Further work on a Yamadori Yew ‘Pagoda’ style

This tree was collected over 5 years ago, this is a tall thin English Yew (Taxus Baccata), it has a shari that runs from top to base. Its never been re-potted out of this washing up bowl and it is now ready. The first work was done in December 2017 you can see the blog post HERE, not actually styling but formulating the branch structure and foliage locations. No wiring, no styling no branch positioning, the tree was left to grow. All I will do over the next 12 months watch out for wire cutting into the branches. The tree will be re-potted in February 2020.

 

Bonsai for future generations

It’s so important that we make locally grown material for bonsai as we know that it will thrive in our climate and that we make provision for future generations of bonsai enthusiasts.

I have been taking cuttings for over ten years, some take but many do not. I have a parent Itoigawa plant that I have used and have taken over 100 cuttings from this.  Once the cutting have reached three growing seasons I introduce movement into the small trunks with copper wire, I also pot on into larger pots, usually shohin pots.

After another three growing seasons they are ready to move on to larger pots and so continue. Some of the cutting are used to graft onto older junipers that are having their foliage changed.

Another aspect of providing for future generations is (if suitable) I replace yamadori collected with a young tree of the same species into the place where I have dug. Here you can see some Yew saplings ready for that purpose.

What looks older, an Uro or a Jin?

My passion are deciduous trees and in particular Hawthorns, regular readers of this blog will be familiar with many of the hawthorns in my collection, this post is about the Raft and the Uro (holes) I have created over many years. I am not an advocate of jins on deciduous trees, mostly because the wood is soft and will rot in a very short time making the work pointless. This is different for hardwood trees such as Oak, Yew, Juniper where carving can enhance the appearance.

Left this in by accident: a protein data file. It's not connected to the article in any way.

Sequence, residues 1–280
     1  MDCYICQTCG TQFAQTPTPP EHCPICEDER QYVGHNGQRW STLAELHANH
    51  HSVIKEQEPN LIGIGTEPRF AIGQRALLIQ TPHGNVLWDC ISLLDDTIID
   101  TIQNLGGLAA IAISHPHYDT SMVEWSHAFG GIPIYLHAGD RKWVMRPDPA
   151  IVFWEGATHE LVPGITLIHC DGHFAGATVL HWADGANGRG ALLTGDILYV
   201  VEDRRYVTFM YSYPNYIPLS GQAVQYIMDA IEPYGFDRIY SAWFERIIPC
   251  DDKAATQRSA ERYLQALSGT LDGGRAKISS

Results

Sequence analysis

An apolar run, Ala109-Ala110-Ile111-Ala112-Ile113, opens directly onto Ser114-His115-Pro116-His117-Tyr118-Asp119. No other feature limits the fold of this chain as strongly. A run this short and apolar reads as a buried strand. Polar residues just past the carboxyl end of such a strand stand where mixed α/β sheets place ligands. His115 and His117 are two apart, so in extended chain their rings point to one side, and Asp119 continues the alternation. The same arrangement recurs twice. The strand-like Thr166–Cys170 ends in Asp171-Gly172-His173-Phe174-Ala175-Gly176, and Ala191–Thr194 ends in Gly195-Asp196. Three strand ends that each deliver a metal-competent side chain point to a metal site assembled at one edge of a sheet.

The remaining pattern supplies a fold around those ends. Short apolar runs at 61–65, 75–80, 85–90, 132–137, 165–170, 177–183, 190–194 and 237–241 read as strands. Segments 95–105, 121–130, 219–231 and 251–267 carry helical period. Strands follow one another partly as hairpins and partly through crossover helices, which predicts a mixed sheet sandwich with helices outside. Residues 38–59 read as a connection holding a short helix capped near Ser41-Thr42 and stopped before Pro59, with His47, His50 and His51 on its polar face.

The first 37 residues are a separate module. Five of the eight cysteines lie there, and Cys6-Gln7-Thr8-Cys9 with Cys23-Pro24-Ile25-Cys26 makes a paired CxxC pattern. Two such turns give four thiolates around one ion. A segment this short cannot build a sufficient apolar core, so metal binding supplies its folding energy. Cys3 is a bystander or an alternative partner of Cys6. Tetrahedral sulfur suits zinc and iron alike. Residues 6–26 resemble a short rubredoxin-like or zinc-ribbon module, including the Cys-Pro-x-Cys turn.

When I create an Uro I cut deep into the tree to make a ‘dark’ interior, I want to create shadows and character. I also seal the cut with paste because I want callusing to occur, I want the callus to ‘roll over’ the hole. In some instances, the Uro has been completely seals by the callus.

 

Juniperus communis 10 years collected first styling

I collected this Common Juniper (Juniperus Communis) 10 years ago and today it had its first styling. The trees are VERY difficult to collect, establish and style, so much so that most collectors simply do not dig them as yamadori as the survival rate is so low. I learnt from Peter Thali in Switzerland that the only way to collect these successfully was from a particular rock type and a short window in the year. I collected this single tree as per his advice and the tree has thrived. Styling Juniperus Communis is notoriously difficult as you cannot wire any new growth, wire can only be applied to branches that have bark, this gives a first styling that can look somewhat untidy as you can see… but the framework is there.

I love the thin live vein and the twisting around the deadwood, the foliage will fill out but this will be done with scissors and NOT pinching. The lovely Duffet pot is only temporary until I find a suitable pot.

NO carving by machine has been done on this tree, all the deadwood has been worked by hand stripping and burning the flaky ends.

Here is the tree 4 years after it was collected

deadwood detail on Juniper first image Communis Juniper

 

Workshop with Taiga Urushibata at British Shohin Bonsai

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During the British Shohin Bonsai exhibition at RHS Wisley Gardens in the south of England that was hosted by Sutton Bonsai society I attended workshop led by Taiga Urushibata. So much time can be wasted at workshops simply wiring your tree, so I pre-wired my pine before the workshop, I also took along another pine to work if time allowed.

I could easily have styled this tree but I wanted Taiga’s ‘take’ on the tree, there were so many option available… what was his idea for the tree, how would he style it? I believe that you are never to old to learn no matter how many years you have been working with bonsai.

The tree is a ‘natural’ cascade as the base of the tree has a sharp bend bringing the trunk more than 90º also the base and nebari are very interesting displaying deadwood and deep fissured bark. There is a VERY old shari running almost the length of the sweeping curve trunk.

After a short discussion Taiga agreed that this was the best option and the styling began. I wanted to bring the crown of the tree closer to the base, this meant a very severe bend. The tree had raffia in the area to be bend. Taiga told me that such a bend was not safe however I was confident that it was OK as the tree was strong and Scots Pine are very flexible. A tourniquet was applied to a temporary steel bar; this tourniquet was later replaced with a shorter one attached to a dead branch nearer the base of the tree. Taiga expressed that a bend such as this would not be possible with a Japanese Red pine as the branch would snap in two.

The final design was more or less as I envisaged. The other trees worked by Taiga included a few Junipers, a Yew and pines.